Fabrication of Hollow Silicon Millispheres Through a Coaxial Nozzle, with Observation of a Novel Horn Structure
22 Pages Posted: 11 Apr 2023 Publication Status: Published
Hollow silicon millispheres have been fabricated using a hollow coaxial jet for the first time. Silicon was melted in a graphite crucible at 1823 K, then ejected from the annulus of a coaxial nozzle as argon gas was injected from an inner nozzle whose inner and outer diameters are 0.4 mm and 1 mm respectively. Sphere diameters were 1 - 2 mm with spherical outer surfaces, and the frequency of formation was approximately 145 Hz. The wall thicknesses varied gradually between antipodes. The interior surfaces were somewhat non-spherical, with horn-like structures where the wall was thicker, most likely owing to silicon expansion as solidification finishes. This is the first report of such a “horn expansion structure” observed on a concave substrate. EDS analysis of the inner, outer, bulk and horn regions revealed variations in carbon concentration, providing clues that inform hypotheses for the order of solidification. Finally, previously produced hollow spheres of tin-lead solder, which shrinks upon solidification, have been re-examined on their inner surfaces. We discovered craters, also where the walls are thicker, whose formation mechanism appears to mirror that of the horns observed in silicon.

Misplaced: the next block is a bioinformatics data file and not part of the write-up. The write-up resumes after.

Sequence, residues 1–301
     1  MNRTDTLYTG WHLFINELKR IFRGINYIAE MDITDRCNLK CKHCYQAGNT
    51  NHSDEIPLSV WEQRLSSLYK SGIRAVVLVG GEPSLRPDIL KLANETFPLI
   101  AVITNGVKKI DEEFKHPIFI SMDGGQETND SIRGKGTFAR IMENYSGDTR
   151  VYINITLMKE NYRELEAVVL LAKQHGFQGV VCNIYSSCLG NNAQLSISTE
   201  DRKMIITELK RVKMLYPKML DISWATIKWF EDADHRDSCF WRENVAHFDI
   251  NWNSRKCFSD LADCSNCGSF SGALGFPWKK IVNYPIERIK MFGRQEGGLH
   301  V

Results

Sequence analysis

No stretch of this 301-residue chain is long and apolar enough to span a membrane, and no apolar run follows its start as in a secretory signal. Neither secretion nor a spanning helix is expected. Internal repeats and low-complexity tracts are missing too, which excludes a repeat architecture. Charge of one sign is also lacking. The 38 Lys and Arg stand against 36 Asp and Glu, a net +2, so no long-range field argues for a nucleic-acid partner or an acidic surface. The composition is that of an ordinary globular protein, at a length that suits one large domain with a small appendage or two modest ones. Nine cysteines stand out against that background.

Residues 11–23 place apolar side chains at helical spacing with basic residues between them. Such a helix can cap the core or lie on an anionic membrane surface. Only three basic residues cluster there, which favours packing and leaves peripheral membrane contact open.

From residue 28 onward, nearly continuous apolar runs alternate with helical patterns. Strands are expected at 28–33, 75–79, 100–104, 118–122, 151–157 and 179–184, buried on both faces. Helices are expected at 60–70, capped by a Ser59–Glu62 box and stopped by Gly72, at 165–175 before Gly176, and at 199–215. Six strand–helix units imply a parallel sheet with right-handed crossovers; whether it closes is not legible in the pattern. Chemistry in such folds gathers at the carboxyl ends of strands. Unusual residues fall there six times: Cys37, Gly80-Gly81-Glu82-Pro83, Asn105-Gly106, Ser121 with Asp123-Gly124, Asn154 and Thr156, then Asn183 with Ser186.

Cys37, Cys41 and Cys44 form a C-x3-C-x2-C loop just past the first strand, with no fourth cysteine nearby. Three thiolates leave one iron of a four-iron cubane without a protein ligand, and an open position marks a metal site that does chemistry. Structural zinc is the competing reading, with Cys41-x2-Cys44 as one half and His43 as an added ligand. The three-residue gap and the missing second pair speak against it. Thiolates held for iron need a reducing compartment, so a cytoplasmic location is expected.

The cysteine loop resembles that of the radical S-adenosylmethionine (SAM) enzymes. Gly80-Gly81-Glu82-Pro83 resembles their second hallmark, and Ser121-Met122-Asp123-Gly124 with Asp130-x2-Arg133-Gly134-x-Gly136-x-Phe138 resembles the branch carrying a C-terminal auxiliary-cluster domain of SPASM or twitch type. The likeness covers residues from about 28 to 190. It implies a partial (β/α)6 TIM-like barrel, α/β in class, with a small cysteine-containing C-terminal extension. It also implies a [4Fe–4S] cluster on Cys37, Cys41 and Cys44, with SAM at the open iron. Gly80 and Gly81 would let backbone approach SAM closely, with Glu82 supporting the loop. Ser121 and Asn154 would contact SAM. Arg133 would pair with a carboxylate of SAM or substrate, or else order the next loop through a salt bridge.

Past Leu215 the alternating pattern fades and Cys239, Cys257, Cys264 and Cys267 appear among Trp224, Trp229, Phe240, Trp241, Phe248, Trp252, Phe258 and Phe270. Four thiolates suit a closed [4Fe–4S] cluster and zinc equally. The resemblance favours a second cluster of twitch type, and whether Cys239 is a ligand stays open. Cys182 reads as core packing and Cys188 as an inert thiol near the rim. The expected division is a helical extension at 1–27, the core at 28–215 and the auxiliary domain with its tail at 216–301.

Keywords: Hollow silicon spheres, Hollow jet instability, Horn structure, Crater formation, Solidification Mechanism
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